It was a lesson in grammar. Walter's mother took the book, and said, "I fear my little boy finds it hard to put his thoughts on his lesson to-day."

"Try me, mother," said Walter. "I will do my best."

"Then, I will put you a question which is not in the book," said mamma. "Which is the heavier,—a pound of feathers, or a pound of lead?"

"A pound of lead, to be sure!" cried Walter confidently.

"There! you spoke then without thinking," said Mrs. Dane. "A little thought would have made it clear to you that a pound is a pound, and that a pound of feathers must weigh just as much as a pound of lead."

"When I spoke, I was thinking that Tom Burton was out in the yard waiting for me," said Walter.

"Well, take your thoughts off from Tom Burton, and put them on the question I am now about to ask you. What is a noun?"

"A noun is a word used as the name of any object."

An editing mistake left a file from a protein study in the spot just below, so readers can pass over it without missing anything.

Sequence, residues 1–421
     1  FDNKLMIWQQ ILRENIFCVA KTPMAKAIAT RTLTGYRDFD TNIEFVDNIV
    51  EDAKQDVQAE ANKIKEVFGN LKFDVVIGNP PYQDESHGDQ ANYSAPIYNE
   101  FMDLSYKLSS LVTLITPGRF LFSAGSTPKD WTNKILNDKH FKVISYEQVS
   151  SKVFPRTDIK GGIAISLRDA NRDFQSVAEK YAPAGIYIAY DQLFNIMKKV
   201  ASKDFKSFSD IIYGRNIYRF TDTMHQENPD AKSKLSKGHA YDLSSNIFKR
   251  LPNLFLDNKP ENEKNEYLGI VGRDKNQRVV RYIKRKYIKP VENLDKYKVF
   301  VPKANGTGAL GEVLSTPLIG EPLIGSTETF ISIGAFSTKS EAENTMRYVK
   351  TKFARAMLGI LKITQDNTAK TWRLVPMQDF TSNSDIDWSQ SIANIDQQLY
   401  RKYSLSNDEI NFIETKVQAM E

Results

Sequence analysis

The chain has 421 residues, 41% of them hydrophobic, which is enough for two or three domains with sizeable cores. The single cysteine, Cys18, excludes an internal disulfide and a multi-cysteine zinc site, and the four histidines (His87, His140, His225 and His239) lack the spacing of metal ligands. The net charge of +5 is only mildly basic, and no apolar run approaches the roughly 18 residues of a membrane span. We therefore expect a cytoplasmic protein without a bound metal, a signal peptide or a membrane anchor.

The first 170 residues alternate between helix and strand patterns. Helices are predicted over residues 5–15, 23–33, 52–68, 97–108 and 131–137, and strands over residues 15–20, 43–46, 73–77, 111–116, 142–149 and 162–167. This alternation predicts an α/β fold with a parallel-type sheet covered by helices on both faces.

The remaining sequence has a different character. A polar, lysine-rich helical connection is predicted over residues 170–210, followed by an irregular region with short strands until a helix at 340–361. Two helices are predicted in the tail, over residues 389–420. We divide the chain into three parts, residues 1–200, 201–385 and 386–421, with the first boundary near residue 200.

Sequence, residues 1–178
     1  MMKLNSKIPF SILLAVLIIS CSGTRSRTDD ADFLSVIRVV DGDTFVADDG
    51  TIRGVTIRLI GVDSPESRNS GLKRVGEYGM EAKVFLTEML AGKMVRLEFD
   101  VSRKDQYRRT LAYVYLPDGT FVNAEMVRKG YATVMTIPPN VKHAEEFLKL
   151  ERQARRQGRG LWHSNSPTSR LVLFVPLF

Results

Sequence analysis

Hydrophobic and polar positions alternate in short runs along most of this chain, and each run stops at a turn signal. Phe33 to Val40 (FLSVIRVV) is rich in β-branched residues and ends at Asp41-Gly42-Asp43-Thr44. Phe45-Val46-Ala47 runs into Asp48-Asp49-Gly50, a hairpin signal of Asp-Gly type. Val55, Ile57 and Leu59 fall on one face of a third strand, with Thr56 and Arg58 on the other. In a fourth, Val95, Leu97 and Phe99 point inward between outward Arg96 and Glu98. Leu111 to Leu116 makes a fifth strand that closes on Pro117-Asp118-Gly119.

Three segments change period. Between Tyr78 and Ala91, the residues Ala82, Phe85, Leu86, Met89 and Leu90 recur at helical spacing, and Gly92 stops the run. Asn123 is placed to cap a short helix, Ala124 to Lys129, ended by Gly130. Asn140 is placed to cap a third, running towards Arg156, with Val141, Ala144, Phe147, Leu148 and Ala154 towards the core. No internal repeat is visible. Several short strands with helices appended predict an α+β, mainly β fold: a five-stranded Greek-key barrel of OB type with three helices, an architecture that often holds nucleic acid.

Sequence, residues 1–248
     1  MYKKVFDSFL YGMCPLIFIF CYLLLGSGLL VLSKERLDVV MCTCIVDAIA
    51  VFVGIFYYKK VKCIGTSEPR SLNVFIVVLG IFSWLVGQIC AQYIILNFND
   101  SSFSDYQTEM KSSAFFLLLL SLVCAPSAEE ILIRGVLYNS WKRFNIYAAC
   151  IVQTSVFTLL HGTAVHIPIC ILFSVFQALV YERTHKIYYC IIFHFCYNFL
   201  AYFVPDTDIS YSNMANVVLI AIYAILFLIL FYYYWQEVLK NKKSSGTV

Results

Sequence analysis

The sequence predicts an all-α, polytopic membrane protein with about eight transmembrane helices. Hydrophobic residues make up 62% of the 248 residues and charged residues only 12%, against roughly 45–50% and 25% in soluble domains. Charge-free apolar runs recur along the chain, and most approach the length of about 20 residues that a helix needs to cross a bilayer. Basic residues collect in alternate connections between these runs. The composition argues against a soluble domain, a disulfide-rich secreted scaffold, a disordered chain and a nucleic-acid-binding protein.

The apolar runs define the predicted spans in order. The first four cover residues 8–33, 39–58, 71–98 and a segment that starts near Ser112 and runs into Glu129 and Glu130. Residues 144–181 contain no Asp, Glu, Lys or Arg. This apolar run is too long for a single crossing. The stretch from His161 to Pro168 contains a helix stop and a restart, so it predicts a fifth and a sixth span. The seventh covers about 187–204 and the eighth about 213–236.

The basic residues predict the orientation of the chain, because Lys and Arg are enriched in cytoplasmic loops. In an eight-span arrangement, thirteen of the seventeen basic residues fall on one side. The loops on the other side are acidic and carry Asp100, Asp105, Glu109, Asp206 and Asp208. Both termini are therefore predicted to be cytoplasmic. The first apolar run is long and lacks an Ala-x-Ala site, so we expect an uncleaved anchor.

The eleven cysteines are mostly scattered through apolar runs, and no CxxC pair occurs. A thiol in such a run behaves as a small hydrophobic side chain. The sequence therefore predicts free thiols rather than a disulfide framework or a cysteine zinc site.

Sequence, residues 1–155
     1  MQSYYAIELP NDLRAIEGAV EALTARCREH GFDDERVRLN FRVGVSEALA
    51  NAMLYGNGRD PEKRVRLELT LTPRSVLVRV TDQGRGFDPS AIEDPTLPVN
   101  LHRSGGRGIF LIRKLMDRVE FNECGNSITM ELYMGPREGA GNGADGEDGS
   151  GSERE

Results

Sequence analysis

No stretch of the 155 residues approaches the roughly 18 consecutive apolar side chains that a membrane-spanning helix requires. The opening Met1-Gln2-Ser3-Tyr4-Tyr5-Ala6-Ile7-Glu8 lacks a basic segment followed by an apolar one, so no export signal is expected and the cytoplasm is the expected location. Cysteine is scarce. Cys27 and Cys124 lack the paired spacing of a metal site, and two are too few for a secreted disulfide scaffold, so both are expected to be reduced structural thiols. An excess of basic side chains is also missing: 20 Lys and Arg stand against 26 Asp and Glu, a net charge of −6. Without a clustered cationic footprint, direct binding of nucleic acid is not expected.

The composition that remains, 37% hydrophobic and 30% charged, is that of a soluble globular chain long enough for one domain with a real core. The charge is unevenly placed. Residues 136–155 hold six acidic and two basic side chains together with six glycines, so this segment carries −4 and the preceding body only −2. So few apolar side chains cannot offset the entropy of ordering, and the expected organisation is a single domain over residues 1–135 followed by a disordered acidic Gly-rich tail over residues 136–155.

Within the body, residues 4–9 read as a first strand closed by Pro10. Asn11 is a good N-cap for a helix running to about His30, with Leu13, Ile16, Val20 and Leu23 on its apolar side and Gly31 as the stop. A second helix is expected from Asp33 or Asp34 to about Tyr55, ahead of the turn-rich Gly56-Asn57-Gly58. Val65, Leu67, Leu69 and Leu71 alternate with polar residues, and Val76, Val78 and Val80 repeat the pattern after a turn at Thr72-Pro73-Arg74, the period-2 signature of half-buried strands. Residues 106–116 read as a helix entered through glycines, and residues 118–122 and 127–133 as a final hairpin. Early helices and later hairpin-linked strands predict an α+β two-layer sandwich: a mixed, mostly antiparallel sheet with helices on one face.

"Very well. A noun, then, is a name-word."

"But why is not every word a name-word just the same?" asked Walter.

"Different sorts of words have different uses," said Mrs. Dane. "If I say, 'Walter, come here,' by the word Walter, I name an object or person; and it is therefore a name-word, or noun. Noun means name. By the word come, I tell Walter what to do; and therefore come is a different sort of word from a name-word. Come is a verb. By the word here, I tell Walter where he must come; and so here is a different sort of word from both Walter and come. Here is an adverb."

"But, if I say 'Come,' do I not name something?" asked Walter.

"You certainly do not. What thing do you name? Come is not an object or thing; come is not a person. You cannot say, 'Give me a come,' or 'Let me see a come.'"

"But dog is a name-word, and tree is a name-word," cried Walter. "I can say, 'Give me a dog,' 'Let me see a tree;' can I not?"

"You certainly can, my son," said Mrs. Dane.